Control code
53875156
Dimensions
23 cm
Extent
xlii, 282 pages
Isbn
9780944318171
Lccn
2003108463
Media category
unmediated
Media MARC source
rdamedia
Media type code
n
Other physical details
illustrations
Label
Kipling's America : travel letters, 1889-1895, D.H. Stewart, editor
Publication
Bibliography note
Includes bibliographical references and index
Carrier category
volume
Carrier category code
nc
Carrier MARC source
rdacarrier
Content category
text
Content type code
txt
Content type MARC source
rdacontent
Contents
I: From sea to sea (1889) -- 1: Shows how I came to America before my time and was much shaken in body and soul by what I felt and heard -- 2: How I got to San Francisco and took tea with the natives there -- 3: Shows how through folly I assisted at a murder and was proportionally afraid, the rule of the democracy and the despotism of the alien -- 4: (untitled) -- 5: Tells how I dropped into politics and the tenderer sentiments, contains a moral treatise on American maidens and an ethnological one on the Hubshi. Ends with a banquet and a type-writer -- 6: Takes me through Bret Harte's country, and to Portland with "old man California." Explains how two vagabonds became homesick through looking at other people's houses -- 7: Shows how I caught salmon in the Clackamas and clothed myself in purple and triumph -- 8: Discusses the shortcomings of Tacoma-on-the-boom and Seattle-after-the-fire. Introduces a heretic -- 9: Takes me from Vancouver to the Yellowstone National Park-with a mean opinion of myself and a meaner of rayments's tourists -- 10: Shows how Yankee Jim introduced me to Diana of the crossways on the banks of the Yellowstone, and how a German Jew said I was no true citizen. Ends with the celebration of the 4th of July and a few lessons therefrom -- 11: Shows how I entered Mazanderan of the Persians and saw devils of every colour, and some troopers. Hell and the old lady from Chicago. The captain and the lieutenant -- 12: Ends with the canyon of the Yellowstone, the maiden from New Hampshire, Larry, "wrap-up-his-tail" Tom, the old lady from Chicago, and a few natural phenomena, including one Briton -- 13: Of the American army and the city of the saints. The temple, the book of Mormon, and the girl from Dorset. An Oriental consideration of polygamy -- 14: How I met certain people of importance between Salt Lake and Omaha -- 15: Across the great divide, and how the man Gring showed me the garments of the Ellewomen -- 16: How I struck Chicago, and how Chicago struck me. Of religion, politics, and pig-sticking, -- and the incarnation of the city among shambles -- 17. How I found peace at Musquash on the Monongahela -- 18. Tells how the professor and I found the precious rediculouses and how they Chautauquacked at us. Puts into print some sentiments better left unrecorded, and proves that a neglected theory will blossom in congenial soil. Contains fragments of three lectures and a confession -- 19: Kipling's view of out defenceless coasts -- 20: Rudyard Kipling on Mark Twain -- II: From tideway to Tideway (1892-1895) -- 1: In sight of Monadnock -- 2: Across the continent (excerpt) -- 3: What Rudyard Kipling saw on his way back from Japan (excerpt) -- 4: On one side only -- 5: From a winter note-book (1895)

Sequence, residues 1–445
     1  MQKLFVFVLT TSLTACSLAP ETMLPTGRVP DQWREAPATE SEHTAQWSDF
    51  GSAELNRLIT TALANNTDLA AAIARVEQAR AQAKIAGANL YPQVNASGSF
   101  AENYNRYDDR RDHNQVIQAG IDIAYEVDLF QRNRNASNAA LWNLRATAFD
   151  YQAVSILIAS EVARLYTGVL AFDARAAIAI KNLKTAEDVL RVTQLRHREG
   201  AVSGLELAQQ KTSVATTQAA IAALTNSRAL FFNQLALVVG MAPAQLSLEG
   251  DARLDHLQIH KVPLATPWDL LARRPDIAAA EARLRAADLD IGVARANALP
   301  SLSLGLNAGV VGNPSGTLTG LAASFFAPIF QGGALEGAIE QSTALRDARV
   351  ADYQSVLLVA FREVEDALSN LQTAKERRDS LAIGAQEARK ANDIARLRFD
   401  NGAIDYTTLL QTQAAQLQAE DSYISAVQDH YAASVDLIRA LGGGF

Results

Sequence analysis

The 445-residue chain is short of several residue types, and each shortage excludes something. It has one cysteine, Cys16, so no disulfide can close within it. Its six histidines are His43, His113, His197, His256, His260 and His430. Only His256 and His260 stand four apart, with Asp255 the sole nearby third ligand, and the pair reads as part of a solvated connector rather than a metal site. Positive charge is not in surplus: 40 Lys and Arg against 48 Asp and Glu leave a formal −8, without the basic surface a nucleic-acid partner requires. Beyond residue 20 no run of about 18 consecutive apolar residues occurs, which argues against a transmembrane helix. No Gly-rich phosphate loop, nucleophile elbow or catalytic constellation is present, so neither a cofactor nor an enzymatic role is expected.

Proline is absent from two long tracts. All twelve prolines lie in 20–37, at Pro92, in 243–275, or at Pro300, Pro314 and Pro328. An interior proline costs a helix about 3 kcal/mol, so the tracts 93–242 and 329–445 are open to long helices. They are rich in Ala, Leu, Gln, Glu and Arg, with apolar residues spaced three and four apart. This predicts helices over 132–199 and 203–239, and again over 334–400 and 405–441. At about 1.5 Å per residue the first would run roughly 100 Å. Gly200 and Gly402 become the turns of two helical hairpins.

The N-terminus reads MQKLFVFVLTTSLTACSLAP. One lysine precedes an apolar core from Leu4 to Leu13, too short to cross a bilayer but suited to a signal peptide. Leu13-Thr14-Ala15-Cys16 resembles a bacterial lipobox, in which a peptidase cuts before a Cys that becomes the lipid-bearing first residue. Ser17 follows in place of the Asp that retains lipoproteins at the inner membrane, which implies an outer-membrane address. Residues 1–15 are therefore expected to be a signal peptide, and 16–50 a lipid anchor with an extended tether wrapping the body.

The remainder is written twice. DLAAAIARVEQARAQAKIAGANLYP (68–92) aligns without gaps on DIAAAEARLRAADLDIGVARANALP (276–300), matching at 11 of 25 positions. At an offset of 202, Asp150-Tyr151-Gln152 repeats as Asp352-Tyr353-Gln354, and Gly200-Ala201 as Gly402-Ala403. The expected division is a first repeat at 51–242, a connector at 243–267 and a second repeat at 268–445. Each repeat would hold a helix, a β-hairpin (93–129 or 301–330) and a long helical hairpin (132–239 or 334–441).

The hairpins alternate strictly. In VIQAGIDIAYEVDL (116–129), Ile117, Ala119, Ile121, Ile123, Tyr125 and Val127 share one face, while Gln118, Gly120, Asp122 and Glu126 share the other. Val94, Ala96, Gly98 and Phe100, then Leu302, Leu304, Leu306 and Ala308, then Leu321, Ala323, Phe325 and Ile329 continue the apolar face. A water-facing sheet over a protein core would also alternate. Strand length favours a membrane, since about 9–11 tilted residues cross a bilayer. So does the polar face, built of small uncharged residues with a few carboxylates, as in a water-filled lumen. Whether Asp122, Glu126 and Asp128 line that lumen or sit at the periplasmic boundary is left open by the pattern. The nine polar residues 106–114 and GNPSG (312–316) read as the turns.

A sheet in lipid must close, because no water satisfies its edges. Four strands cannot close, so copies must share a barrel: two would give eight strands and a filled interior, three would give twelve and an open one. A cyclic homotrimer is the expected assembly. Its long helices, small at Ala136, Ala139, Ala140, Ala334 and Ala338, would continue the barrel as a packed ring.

Control code
53875156
Dimensions
23 cm
Extent
xlii, 282 pages
Isbn
9780944318171
Lccn
2003108463
Media category
unmediated
Media MARC source
rdamedia
Media type code
n
Other physical details
illustrations

Library Locations

    • Thomas Jefferson LibraryBorrow it
      1 University Blvd, St. Louis, MO, 63121, US
      38.710138 -90.311107
Processing Feedback ...